Who's that knocking? It's the great spotted woodpecker making itself comfortable in its nest in the building façade.
To ensure that bird nests and bat roosts are not damaged during construction projects, Mull und Partner's nature and species conservation team supports construction projects in particularly critical phases with environmental construction monitoring.
This also applies to the hall in Braunschweig shown in the picture. This was to be dismantled. However, the rear side of the façade panels was not recognisable before the dismantling began. It is possible that birds or bats could have roosted there.
As environmental construction supervisors, Mull und Partner supports all environmentally relevant interests. In doing so, we take on an accompanying and advisory role. This does not necessarily have to take place during the entire construction phase; often only individual construction phases are monitored, such as the acceptance of the façade panels on the hall. Specially trained members of our team take on the accompanying function.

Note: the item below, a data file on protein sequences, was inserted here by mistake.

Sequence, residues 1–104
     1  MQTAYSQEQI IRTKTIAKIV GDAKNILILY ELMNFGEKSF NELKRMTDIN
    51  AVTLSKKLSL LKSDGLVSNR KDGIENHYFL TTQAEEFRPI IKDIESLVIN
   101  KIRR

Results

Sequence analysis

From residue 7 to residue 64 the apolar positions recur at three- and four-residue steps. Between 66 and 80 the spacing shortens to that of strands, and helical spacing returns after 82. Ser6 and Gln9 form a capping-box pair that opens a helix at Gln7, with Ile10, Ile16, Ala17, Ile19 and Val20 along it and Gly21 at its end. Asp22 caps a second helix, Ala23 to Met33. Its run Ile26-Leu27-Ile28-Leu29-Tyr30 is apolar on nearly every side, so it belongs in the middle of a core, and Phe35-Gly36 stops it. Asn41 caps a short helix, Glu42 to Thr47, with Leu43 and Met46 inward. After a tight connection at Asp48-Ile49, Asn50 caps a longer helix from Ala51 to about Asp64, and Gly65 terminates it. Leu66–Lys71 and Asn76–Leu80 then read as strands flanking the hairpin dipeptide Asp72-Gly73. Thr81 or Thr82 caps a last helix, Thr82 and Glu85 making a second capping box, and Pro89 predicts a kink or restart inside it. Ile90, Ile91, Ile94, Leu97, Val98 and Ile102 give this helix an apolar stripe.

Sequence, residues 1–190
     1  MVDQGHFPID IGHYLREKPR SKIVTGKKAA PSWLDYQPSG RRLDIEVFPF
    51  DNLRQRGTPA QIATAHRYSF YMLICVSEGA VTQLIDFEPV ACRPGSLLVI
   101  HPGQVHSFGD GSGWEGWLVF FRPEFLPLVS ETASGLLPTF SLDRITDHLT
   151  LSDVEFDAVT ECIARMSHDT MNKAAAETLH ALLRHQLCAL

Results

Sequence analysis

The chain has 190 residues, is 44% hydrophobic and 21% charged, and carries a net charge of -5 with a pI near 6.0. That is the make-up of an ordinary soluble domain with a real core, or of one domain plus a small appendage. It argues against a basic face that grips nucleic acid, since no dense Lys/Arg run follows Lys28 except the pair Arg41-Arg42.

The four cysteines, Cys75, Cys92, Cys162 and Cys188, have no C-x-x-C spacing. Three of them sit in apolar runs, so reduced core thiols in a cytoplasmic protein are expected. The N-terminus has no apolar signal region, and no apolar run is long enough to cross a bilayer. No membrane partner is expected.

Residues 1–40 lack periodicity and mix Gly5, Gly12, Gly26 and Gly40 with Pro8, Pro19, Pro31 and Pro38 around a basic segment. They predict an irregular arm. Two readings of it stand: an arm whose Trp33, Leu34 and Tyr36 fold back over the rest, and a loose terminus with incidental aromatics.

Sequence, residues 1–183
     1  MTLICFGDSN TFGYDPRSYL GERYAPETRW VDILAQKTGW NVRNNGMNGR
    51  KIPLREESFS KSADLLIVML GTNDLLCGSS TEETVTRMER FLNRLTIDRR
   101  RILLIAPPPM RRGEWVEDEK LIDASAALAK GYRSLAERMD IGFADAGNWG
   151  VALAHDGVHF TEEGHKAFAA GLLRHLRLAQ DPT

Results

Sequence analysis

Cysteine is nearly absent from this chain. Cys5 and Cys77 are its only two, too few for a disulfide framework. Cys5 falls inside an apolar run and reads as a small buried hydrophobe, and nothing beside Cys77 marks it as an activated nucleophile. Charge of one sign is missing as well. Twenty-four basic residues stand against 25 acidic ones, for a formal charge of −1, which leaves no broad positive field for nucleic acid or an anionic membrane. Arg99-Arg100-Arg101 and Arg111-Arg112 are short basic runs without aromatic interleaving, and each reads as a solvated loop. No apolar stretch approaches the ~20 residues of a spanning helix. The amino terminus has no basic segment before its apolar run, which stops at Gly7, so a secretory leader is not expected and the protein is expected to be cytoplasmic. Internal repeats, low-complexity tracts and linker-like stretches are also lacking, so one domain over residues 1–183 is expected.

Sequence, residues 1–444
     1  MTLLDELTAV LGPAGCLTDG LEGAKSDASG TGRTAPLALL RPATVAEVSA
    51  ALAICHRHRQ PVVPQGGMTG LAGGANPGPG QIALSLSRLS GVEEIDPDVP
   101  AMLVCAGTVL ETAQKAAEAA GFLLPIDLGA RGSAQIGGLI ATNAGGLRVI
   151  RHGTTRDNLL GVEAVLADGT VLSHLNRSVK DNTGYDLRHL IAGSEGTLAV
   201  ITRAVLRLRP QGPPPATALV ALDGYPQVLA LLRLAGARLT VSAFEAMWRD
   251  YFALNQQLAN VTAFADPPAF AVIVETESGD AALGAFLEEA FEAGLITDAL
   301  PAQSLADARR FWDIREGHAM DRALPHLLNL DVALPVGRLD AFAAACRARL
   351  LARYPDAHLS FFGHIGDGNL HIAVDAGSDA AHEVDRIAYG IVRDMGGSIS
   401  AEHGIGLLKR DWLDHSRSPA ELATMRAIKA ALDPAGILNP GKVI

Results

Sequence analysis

But what happens if someone actually lives there? The destruction of a repeatedly used breeding habitat may constitute a criminal offence. To ensure that construction work is not halted for a longer period of time in such cases, the environmental construction supervisor quickly initiates avoidance measures. Once the animals are safe and the nature conservation authority has given its approval, work can continue.
In order to comply with the ban on killing, disturbing or accessing animals as stipulated in Section 44 of the Federal Nature Conservation Act, the façade panels were removed individually so that it could be checked whether there were any animals behind them. The original assumptions were not confirmed here - no roost was present and therefore no animal was in danger.